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Senior Bank Creditors Aren’t as Safe as Some Think, Danske Says

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The biggest bank in the first EU nation to put an end to bailouts says Italy’s efforts to rescue its lenders are no indication authorities will go easy on senior creditors in the future.

As some financial analysts question the resolve of the EU ever to go through with a bank bail-in, Danske Bank A/S, the biggest lender in Denmark, is cautioning against such assumptions.

The bonds at the heart of the debate are non-preferred senior. Analysts at Bank of America have described them as a “great bargain” if state bailouts are back on the table. But the higher return on the bonds reflects a very real risk, according to Christoffer Mollenbach, Danske’s head of treasury. He’s advising against applying any lessons from Italy to the EU’s future framework for troubled lenders.

“What we’re seeing in Italy is more of a legacy capital structure and that won’t apply to capital structures in the future,” Mollenbach said in a phone interview.

Clear Risk

“You have a history where some of the investors could claim that the rules of the game were changed ex post,” he said. “But you can’t make that argument in the future. If you buy non-preferred senior, it will state very clearly in the law that it is bail-in-able.”

Italy may seek precautionary bailouts for as many as three banks. Banca Popolare di Vicenza SpA and Veneto Banca SpA have said they qualify for state-assisted recapitalization after the European Central Bank found them to be solvent. That follows efforts to rescue Italy’s third-biggest bank, Banca Monte dei Paschi di Siena SpA. The government’s support, which still needs EU competition authority approval, is seen as a test case of Europe’s Bank Recovery and Resolution Directive.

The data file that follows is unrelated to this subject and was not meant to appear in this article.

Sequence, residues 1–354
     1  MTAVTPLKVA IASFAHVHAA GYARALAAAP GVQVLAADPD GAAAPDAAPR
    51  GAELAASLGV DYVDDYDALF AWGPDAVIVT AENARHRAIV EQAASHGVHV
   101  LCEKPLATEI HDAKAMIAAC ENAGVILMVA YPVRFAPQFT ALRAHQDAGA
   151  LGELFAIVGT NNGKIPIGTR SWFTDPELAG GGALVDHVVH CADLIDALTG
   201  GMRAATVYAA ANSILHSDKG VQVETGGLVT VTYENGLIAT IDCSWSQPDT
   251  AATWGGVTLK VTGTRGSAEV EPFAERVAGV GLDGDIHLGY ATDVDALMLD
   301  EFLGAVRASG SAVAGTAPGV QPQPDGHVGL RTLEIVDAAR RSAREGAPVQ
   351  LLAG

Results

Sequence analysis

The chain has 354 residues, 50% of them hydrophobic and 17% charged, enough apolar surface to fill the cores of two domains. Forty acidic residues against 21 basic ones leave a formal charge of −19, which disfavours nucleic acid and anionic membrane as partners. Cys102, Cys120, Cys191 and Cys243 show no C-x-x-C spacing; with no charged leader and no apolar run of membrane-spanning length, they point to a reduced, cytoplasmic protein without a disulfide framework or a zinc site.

‘Hard to Imagine’

“If these banks qualify for an opt-out to senior bail-in, it’s hard to imagine circumstances when any other troubled bank would need to be bailed-in,” BofA analysts led by Richard Thomas said in an April 5 note. “The two Italian banks are so egregiously small and weak that if there is no bail-in, then why would any bank be bailed in?”

Under BRRD, a firm that needs “extraordinary public financial support” is failing and should be wound down. In that process, investors including senior bondholders can be forced to take losses. Precautionary aid is allowed for solvent banks if a long list of conditions is met.

Financial authorities are in the middle of setting minimum requirements for own funds and eligible liabilities (MREL) for local banks to shield taxpayers from losses. The European Commission has proposed creating a new type of bond, non-preferred senior, where the risk of taking losses is made explicit. The new asset class also makes losses less likely for existing senior bondholders.


How the EU deals with troubled banks is of particular interest to Denmark, because of its particularly stringent application of bail-in rules well before the rest of the bloc had formulated any legislation in the field. Mollenbach says he sees no reason to assume Danish issuers will face tougher local rules than the rest of the EU.

Denmark passed a law in 2010 to shield taxpayers from failing banks. The legislation was tested half a year later, when Amagerbanken A/S’s collapse left senior bondholders in the lurch. The shock resulted in all but the biggest Danish banks being shut out of funding markets at the time. But ultimately, Denmark’s financial industry bounced back and Danske Bank is today one of Europe’s strongest lenders, ranked by capital adequacy and shareholder returns.

“As the industry moves toward more explicit senior preferred and non-preferred -- and a lot of our issuance will be on senior non-preferred -- the focus will be on the credit quality of a bank, which is what we saw in the financial crisis,” Mollenbach said.

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